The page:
Ganges Water Machine Designing New India's Ancient River
ORO Editions/Applied Research & Design
Territory: World excluding USA Canada Australasia & Asia
Size: 298 mm x 228 mm
Illustrations: 1,627 colour, 38 b&w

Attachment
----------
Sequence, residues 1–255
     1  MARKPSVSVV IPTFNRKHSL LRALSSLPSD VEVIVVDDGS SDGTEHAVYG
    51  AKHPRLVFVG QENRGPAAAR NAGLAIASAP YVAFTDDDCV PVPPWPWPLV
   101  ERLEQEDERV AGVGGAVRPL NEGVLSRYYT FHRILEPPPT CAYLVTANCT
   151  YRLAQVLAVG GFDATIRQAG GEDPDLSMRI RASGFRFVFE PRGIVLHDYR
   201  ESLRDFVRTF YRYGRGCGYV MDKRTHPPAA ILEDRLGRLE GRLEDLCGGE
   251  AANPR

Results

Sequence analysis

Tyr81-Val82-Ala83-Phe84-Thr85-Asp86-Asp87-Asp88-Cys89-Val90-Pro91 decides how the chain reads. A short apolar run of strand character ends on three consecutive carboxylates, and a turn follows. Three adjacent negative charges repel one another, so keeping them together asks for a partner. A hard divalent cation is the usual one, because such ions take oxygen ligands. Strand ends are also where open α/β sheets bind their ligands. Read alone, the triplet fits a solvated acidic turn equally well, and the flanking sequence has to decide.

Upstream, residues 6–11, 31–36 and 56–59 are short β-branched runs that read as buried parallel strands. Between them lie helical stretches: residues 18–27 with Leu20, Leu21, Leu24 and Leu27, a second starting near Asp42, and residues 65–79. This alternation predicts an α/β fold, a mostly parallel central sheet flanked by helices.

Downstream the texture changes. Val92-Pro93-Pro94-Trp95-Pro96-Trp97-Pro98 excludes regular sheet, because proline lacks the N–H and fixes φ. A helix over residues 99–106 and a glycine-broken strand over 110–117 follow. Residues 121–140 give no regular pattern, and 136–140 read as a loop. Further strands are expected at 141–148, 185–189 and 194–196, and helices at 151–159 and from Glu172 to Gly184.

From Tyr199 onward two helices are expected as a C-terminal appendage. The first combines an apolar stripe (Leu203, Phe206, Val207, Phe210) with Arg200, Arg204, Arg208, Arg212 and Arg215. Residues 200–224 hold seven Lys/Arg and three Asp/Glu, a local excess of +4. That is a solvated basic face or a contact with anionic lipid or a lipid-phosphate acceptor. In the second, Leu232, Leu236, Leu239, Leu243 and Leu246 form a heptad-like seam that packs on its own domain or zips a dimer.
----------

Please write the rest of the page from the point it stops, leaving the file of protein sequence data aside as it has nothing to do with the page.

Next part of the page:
Beyond the dense urbanism of Mumbai (Bombay) and the technology centres of Bangalore and Hyderabad lies the Ganges River basin: a fertile alluvial plain of 1.1 million square kilometres in area, which is today home to over one-quarter of India's billion-plus population. While most of the basin sits within India, it extends into present day Bangladesh, Nepal, and Tibet. Not only is the area one of the most densely populated river basins in the world, but every year it also undergoes radical physical changes. With the arrival of the southwest monsoon between late-June and late-August, over one metre of rainfall drenches northern India. And, what is more, despite these drastic seasonal changes and population density, the basin remains agriculturally productive. This book focuses on the overlaps and juxtapositions of these three conditions: Population Density - Monsoon - Agriculture. It is an atlas of built and unbuilt projects designed to transform the Ganges River basin. Since the middle of the nineteenth century, this watercourse has functioned as a laboratory to test and build a new civilisation around the culture of water management. Jointly authored by human actors and their shifting natural heritage, the Ganges River basin is today a machine in which the entire basin functions as a highly engineered hydrological super-surface. This surface has been constructed from innumerable interventions operating at vastly different scales - from massive state-sponsored canals to individually-drilled wells. Because of the mixture of actors, the scale of inhabitation, and the widely varying techniques of interventions, this landscape of infrastructure requires a different kind of map. Reaching through the very heart of some of India's most densely populated cities, small towns, industrial zones, sacred sites, and mountainous forests, Ganges Water Machine by Anthony Acciavatti, composed of eight years of field and archival research, explores and theorises the people and infrastructures that shaped this territory. Ganges Water Machine is an atlas of the enterprise to make the Ganges River basin into a highly engineered landscape: it reveals the narratives and explanations that allowed engineers and planners to realise fantasies previously only imaginable on paper or in myth.